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Hi guys, I'm reading a JS book at the moment and one of the challenges had us loop over all integers between 1 - 100 and write "Fizz" if it's divisible by 3, "Buzz" if it's divisible by 5 and "FizzBuzz" if it's divisible by both, otherwise just log the number. I managed to work out the code for the problem but I'm unsure as to why the 'output' declaration gets reset every iteration rather than storing a long line of Fizzes and Buzzes. Here's the code:

for (let num = 1; num <= 100; num++){
	let output = "";
	if(num % 3 == 0) output += "Fizz";
	if(num % 5 == 0) output += "Buzz";
	console.log(output || num);
    }


What I have tried:

I've tried googling the question but I can't find anything specific as to why a variable sometimes resets each iteration, whereas sometimes it gets stored over and over to concatenate everything.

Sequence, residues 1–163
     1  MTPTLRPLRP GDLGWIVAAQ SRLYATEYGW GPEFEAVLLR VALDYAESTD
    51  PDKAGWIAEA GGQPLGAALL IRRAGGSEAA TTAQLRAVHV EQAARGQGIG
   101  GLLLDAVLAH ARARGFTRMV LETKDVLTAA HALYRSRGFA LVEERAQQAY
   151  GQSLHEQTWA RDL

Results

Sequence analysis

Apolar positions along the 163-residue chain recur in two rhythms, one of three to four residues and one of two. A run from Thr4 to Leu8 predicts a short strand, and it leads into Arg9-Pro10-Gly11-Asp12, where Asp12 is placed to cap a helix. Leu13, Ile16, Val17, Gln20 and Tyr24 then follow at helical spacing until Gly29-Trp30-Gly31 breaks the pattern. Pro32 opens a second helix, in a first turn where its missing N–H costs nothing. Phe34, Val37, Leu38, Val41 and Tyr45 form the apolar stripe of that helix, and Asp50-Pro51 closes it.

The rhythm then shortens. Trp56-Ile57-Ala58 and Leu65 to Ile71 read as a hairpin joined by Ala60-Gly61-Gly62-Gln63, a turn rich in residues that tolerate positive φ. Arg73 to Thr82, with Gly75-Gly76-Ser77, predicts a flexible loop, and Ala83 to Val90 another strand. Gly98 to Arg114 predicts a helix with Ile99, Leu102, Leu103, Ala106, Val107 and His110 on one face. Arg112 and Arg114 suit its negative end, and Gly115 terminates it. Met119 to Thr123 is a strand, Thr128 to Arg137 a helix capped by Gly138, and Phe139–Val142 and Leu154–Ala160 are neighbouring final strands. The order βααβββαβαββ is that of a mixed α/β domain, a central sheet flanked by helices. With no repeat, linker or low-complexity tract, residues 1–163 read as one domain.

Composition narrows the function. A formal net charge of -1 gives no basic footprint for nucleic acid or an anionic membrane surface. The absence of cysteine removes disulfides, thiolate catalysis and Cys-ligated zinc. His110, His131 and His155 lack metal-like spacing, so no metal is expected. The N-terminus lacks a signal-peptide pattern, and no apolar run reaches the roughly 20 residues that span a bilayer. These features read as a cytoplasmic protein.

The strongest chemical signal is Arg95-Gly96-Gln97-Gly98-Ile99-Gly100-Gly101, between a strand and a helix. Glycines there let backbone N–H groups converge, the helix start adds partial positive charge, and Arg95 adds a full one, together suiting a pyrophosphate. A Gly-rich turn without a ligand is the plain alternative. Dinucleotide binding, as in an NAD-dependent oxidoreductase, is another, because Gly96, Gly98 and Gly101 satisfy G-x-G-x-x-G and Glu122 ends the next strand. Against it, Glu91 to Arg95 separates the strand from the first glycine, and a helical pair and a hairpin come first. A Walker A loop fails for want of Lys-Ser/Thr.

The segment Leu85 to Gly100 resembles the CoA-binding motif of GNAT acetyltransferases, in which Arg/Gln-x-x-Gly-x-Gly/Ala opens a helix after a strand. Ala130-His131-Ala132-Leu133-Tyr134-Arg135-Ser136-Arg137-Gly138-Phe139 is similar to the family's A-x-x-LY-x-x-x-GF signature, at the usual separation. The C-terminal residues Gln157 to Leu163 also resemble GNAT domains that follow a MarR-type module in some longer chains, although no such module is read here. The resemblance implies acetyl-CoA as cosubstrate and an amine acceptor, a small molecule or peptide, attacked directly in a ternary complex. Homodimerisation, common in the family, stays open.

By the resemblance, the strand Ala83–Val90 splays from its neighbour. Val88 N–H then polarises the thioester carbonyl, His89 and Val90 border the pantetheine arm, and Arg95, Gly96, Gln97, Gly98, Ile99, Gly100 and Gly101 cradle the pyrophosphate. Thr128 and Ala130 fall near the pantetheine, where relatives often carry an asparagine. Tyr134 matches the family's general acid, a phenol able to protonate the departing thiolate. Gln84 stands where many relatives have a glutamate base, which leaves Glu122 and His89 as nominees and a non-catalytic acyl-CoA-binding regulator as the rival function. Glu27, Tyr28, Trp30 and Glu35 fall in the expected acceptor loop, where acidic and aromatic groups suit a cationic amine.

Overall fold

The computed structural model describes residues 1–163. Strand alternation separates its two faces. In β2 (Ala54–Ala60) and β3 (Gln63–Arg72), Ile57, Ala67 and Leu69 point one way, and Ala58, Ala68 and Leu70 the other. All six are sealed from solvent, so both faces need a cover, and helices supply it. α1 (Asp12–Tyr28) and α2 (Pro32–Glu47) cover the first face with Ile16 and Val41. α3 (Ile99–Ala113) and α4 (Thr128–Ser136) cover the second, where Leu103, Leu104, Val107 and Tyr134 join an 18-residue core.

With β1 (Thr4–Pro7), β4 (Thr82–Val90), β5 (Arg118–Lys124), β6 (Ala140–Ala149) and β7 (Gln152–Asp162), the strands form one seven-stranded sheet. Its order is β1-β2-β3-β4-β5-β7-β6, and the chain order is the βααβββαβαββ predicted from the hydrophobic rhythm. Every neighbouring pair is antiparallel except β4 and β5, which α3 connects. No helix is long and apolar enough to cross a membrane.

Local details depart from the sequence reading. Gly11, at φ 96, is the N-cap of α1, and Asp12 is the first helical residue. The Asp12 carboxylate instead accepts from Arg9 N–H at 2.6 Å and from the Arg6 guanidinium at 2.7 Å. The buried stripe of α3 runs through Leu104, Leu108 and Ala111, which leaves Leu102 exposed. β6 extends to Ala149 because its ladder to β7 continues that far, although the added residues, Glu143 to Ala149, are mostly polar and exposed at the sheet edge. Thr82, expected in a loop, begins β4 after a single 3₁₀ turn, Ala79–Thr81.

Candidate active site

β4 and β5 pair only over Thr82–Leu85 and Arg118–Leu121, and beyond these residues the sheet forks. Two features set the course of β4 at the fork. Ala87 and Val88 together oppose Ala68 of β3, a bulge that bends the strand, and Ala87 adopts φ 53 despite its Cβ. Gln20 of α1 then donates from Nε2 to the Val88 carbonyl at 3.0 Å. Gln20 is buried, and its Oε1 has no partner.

Posted
Updated 5-Jul-18 2:34am

1 solution

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Solution 1

It's because you declare it inside the loop. Declare it outside the loop to concatenate each iteration:

let output = "";
for (let num = 1; num <= 100; num++){
	if(num % 3 == 0) output += "Fizz";
	if(num % 5 == 0) output += "Buzz";
	console.log(output || num);
}
   
Comments
Member 13899723 5-Jul-18 8:45am
   
@Thaddeus Jones Ahhh that makes sense, every time it loops it sets the value to "" again, whereas if it were outside the loop it wouldn't get reset as it's not beeing reevaluated... Thanks for the clarity :)
CPallini 5-Jul-18 9:00am
   
5.

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